A memoir of journalist Smarsh’s turbulent childhood in Kansas in the 1980s and 1990s, focusing on how the forces of cyclical poverty and the country’s changing economic policies solidified her family’s place among the working poor.
Because the author does not proceed chronologically, the numerous strands of family history can be difficult to follow. However, Smarsh would almost surely contend that the specific family strands are less important for readers to grasp than the powerful message of class bias illustrated by those strands ... A potent social and economic message embedded within an affecting memoir.
...this book is more than a female-authored Hillbilly Elegy. Smarsh employs an unusual and effective technique, throughout the book addressing her daughter, who does not, in reality, exist. Rather, she’s the future that seemed destined for Smarsh, the same future that had been destined for and realized by all the women in her family ... her story is a trenchant analysis of the realities of an economic inequality whose cultural divide allows 'the powerful to make harmful decisions in policy and politics.' Elucidating reading on the challenges many face in getting ahead.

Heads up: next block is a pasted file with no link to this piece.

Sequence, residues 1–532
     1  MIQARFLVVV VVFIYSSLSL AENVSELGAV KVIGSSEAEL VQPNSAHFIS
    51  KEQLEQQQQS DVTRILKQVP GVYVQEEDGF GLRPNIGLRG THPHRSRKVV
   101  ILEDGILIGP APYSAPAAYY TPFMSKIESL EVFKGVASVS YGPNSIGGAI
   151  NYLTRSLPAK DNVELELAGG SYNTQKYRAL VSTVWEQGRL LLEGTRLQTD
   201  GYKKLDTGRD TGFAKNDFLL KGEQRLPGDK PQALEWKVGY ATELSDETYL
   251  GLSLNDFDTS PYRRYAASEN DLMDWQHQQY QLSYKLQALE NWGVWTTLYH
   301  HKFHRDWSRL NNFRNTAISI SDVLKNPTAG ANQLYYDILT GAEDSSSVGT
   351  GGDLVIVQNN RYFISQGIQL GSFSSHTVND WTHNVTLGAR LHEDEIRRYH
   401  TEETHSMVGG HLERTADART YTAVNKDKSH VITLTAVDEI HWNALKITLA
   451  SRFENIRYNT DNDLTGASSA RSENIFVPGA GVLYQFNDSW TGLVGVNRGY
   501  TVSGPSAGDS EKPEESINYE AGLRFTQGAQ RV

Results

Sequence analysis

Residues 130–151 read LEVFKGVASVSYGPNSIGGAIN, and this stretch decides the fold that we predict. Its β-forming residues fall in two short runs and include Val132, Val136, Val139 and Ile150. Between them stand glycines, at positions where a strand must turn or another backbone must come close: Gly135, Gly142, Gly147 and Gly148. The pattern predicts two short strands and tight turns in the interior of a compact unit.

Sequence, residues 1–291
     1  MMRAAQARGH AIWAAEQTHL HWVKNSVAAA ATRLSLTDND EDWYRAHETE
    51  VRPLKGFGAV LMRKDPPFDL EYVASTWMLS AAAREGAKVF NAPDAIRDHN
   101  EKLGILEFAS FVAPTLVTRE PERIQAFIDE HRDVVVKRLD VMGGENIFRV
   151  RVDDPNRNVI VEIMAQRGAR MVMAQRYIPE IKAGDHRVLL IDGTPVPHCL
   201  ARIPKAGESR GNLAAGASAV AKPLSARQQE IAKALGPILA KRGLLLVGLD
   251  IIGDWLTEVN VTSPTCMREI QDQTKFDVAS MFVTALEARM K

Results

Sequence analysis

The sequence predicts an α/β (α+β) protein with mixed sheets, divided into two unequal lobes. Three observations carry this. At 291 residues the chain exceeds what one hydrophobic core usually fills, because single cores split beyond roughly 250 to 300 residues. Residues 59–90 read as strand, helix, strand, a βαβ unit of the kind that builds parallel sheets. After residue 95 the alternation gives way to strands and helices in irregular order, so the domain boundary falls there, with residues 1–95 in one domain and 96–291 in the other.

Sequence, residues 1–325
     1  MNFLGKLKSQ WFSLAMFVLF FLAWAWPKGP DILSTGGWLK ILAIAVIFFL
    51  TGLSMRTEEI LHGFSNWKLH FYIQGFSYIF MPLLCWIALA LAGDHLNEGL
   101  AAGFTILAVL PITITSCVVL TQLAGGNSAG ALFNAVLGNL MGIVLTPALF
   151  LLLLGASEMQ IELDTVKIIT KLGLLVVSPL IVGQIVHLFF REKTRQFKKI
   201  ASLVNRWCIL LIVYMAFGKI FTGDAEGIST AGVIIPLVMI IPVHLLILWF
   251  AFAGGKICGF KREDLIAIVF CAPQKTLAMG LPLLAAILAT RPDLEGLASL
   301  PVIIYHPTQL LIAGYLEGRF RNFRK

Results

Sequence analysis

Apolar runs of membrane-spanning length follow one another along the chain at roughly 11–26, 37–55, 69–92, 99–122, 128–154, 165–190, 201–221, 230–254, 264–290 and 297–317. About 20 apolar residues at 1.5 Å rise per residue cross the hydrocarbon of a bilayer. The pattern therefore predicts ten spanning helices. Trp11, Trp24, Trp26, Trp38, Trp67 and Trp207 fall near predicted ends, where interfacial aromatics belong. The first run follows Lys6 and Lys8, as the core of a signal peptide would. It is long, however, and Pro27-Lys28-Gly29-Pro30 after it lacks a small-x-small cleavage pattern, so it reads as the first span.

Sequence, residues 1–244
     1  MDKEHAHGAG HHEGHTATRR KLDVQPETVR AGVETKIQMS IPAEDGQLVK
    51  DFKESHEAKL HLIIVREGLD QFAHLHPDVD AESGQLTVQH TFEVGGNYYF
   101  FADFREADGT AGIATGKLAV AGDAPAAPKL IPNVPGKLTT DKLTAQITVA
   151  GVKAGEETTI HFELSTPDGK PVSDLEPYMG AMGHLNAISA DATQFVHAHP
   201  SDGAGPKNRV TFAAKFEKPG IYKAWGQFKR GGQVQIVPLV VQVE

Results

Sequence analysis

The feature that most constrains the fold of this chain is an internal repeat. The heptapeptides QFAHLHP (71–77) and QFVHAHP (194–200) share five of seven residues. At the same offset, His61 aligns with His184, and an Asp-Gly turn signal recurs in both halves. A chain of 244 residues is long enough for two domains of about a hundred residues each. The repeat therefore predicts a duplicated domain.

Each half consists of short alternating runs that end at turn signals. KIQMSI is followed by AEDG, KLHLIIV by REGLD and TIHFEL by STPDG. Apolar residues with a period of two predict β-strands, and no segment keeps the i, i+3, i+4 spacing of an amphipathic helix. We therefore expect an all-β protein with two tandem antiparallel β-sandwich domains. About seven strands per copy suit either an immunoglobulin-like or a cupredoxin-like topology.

...[a] candid and courageous memoir of growing up in a family of working-class farmers in Kansas during the 1980s and ’90s ... It is through education that Smarsh is able to avoid their fate; but while hers is a happy ending, she is still haunted by the fact that being poor is associated with being bad. Smarsh’s raw and intimate narrative exposes a country of economic inequality that 'has failed its children.' ”